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CSS When/Else Rules

Writing complex media queries or supports queries is difficult, particularly when you want to do Thing A in one circumstance, Thing B in another circumstance, and Thing C otherwise. This requires carefully crafting your conditional rules to exclude anything matching the other rules, while also making sure you’re not accidentally over-excluding things and leaving some situations unmatched.

This spec proposes two things to fix this problem. First, it proposes anrule, which generalizes the concept of a conditional rule. Anything you can express in an existing conditional rule can be expressed in, it just has to be wrapped in an appropriate function to declare what kind of condition it is. This allow authors to easily combine multiple types of queries, such as media queries and supports queries, in a single boolean expression. Without this, authors must rely on nesting separate conditional rules, which is harder to read and write, presupposes the conditions are to be conjoined with the "and" boolean relation (with no easy way to indicate anything else), and restricts their utility in the proposedconditional rule chains.

Second, it proposes the introduction ofrules, which follow conditional rules and automatically qualify their conditions as you’d expect, such that at most one rule in anconditional rule chainis chosen as active.

2. Generalized Conditional Rules: therule

The @when at-rule is a conditional group rule that generalizes the individual conditional group rules such as @media and @supports . It is defined as:

@when <boolean-condition> {   <stylesheet> }

Define "boolean algebra, with X as leaves" in a generic way in Conditional, so all the conditional rules can reference it directly, rather than having to redefine boolean algebra on their own.

Theandfunctions are defined as:

media() = media( [ <media-query-list> | <mf-plain> | <mf-boolean> | <mf-range> ] ) supports() = supports( [ <supports-condition> | <declaration> ] )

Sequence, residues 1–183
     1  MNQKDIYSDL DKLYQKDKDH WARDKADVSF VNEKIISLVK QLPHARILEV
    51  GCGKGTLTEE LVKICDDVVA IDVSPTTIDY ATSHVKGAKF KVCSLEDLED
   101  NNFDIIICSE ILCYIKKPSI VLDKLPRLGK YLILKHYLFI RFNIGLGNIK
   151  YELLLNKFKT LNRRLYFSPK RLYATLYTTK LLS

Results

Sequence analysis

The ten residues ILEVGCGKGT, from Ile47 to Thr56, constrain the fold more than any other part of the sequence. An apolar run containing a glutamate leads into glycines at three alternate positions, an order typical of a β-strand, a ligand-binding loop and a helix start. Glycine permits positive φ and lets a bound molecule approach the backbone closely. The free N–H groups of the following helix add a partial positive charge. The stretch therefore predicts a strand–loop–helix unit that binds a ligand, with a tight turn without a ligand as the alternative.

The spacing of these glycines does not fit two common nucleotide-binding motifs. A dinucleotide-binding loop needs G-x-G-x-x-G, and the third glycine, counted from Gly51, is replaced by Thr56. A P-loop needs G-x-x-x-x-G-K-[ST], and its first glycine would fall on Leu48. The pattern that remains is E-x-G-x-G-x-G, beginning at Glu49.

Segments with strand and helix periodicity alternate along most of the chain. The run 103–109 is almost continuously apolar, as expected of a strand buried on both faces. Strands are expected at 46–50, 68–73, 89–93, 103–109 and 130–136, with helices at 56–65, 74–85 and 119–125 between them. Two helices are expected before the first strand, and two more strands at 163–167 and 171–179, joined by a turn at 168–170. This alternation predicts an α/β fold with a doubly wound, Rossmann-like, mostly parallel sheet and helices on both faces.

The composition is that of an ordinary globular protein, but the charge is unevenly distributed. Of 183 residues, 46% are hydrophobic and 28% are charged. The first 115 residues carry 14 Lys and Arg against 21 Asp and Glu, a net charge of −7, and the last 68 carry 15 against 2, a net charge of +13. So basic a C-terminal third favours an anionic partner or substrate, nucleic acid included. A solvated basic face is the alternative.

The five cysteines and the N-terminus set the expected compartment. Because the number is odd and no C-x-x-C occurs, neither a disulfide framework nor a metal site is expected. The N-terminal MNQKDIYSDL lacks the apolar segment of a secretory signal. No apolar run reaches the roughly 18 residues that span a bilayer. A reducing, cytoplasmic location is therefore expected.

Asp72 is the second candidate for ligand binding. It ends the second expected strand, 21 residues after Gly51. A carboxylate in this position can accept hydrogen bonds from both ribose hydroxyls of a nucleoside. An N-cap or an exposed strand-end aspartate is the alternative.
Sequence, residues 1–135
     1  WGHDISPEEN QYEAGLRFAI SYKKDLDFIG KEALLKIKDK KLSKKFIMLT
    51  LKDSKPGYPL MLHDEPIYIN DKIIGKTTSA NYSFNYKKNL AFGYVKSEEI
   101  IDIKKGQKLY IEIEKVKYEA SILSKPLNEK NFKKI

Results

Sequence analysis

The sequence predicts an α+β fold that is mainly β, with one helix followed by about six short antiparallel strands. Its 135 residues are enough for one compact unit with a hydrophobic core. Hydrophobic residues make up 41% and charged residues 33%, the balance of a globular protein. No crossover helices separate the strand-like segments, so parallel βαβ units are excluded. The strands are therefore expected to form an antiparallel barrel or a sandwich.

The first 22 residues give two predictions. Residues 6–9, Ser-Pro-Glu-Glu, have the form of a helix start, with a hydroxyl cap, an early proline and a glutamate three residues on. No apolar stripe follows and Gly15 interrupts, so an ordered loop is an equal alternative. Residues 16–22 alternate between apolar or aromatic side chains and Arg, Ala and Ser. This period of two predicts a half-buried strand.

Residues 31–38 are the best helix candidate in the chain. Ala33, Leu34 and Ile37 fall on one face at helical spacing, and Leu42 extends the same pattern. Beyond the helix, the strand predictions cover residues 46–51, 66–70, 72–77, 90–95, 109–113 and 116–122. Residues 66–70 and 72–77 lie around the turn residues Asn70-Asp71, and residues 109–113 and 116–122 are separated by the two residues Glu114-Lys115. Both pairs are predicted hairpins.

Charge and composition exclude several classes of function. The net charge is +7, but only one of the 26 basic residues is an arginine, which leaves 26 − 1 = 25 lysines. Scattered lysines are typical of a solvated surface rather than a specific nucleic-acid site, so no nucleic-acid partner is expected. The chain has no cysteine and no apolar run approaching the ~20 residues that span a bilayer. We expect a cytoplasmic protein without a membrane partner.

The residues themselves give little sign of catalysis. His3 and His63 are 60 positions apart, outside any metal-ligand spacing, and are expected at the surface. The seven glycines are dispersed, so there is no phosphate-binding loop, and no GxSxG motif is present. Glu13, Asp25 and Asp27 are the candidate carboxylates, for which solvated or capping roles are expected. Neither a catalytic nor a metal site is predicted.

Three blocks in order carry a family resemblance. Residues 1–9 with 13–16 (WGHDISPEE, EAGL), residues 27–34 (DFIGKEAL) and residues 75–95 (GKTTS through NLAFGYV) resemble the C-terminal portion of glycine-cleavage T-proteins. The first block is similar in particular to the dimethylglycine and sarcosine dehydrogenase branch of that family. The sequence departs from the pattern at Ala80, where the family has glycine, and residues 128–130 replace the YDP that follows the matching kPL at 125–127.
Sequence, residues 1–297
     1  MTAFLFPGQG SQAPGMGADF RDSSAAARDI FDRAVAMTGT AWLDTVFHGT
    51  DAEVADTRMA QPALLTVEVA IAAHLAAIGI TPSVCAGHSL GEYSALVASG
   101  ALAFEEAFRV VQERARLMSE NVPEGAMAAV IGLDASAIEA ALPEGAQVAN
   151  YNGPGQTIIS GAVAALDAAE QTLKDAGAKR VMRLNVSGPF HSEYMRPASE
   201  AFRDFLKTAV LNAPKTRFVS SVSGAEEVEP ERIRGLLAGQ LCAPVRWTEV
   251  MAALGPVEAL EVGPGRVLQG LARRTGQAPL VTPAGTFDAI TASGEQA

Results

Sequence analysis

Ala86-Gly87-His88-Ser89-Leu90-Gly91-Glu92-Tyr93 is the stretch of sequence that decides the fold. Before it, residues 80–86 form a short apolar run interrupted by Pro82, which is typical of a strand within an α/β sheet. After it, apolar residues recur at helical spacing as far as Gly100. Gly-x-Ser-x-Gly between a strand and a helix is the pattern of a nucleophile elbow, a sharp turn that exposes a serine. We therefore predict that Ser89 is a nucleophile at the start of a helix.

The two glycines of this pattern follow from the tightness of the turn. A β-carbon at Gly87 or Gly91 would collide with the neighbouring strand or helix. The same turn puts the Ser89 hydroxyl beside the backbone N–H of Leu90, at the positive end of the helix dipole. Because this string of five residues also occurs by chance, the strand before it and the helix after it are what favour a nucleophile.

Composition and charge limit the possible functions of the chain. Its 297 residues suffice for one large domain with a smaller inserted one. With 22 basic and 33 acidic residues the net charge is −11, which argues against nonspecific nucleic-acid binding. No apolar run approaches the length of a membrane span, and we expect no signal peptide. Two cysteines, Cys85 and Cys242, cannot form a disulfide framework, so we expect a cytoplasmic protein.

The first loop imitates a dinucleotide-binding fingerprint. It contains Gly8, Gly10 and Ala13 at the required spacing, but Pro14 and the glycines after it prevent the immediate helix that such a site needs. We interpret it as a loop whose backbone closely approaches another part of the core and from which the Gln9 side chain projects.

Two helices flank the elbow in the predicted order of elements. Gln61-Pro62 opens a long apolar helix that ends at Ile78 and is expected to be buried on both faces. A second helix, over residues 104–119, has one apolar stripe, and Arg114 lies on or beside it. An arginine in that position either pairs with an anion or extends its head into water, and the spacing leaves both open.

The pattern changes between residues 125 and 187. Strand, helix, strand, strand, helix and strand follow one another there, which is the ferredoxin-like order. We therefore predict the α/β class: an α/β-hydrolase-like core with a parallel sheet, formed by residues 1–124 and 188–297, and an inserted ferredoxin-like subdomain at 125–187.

Aorfunction is associated the boolean result that its contained condition is associated with.

3. Chained Conditionals: therule

Usually, conditional group rules are independent; each one has a separate condition, evaluated without direct reference to any other rule, and decides whether or not to apply their contained rules based solely on their condition.

This is fine for simple conditions, but makes it difficult to write a collection of conditionals that are meant to be mutually exclusive; authors have to very carefully craft their conditions to not activate when the other rules are meant to, and make sure the collection of conditionals don’t accidentally all exclude some situation.

The @else rule is a conditional group rule used to formconditional rule chains, which allow multiple conditional rules to be provided and guarantee that at most one of them will evaluate their condition as true. It is defined as:

@else <boolean-condition>? {   <stylesheet> }

is interpreted identically to. If itsis omitted, it’s treated as having a condition that’s always true.

A conditional rule chain is a series of consecutive conditional group rules , starting with a conditional group rule other than, followed by zero or morerules. There cannot be anything between the successive conditional group rules other than whitespace and/or comments; any other token "breaks" the chain.

Should we require that only the lastin a chain can have an omitted condition? It’s not uncommon for me, when debugging code, to short-circuit an if-else chain by setting one of them to "true"; I presume that would be similarly useful in CSS? It’s still pretty easy to see you’ve done something wrong if you omit the condition accidentally.

Within aconditional rule chain, the conditions of each conditional group rule are evaluated in order. If one of them is true, the conditions of all following conditional group rules in the chain must evaluate to false, regardless of what they contain.

Anrule that is not part of aconditional rule chainis invalid and must be ignored.

For example, here’s a (somewhat silly) conditional chain:

@when media((width >= 400px) and (pointer: fine)) and supports(display: flex) {   /* A */ } @else supports((caret-color: pink) or (background: double-rainbow()) {   /* B */ } @else {   /* C */ }

Exactly one of the preceding rules will be chosen, even tho the second rule doesn’t exclude large widths, fine points, or flexbox support, and the last rule doesn’t specify anything at all.

To achieve the same result withoutconditional rule chains, you’d need to write:

@media (width >= 400px) and (pointer: fine) {   @supports (display: flex) {     /* A */   }   @supports not (display: flex) {     @supports (caret-color: pink) and (background: double-rainbow()) {       /* B */     }     @supports not ((caret-color: pink) and (background: double-rainbow())) {       /* C */     }   } } @media not ((width >= 400px) and (pointer: fine)) {   @supports (caret-color: pink) and (background: double-rainbow()) {     /* B */   }   @supports not ((caret-color: pink) and (background: double-rainbow())) {     /* C */   } }

This is simultaneously impossible to read, requires significant duplication of both conditions and contents, and is very difficult to write correctly (I wrote it wrong twice while producing this example). If the conditions got any more complicated (which is not unusual in real-world content), the example would get significantly worse.

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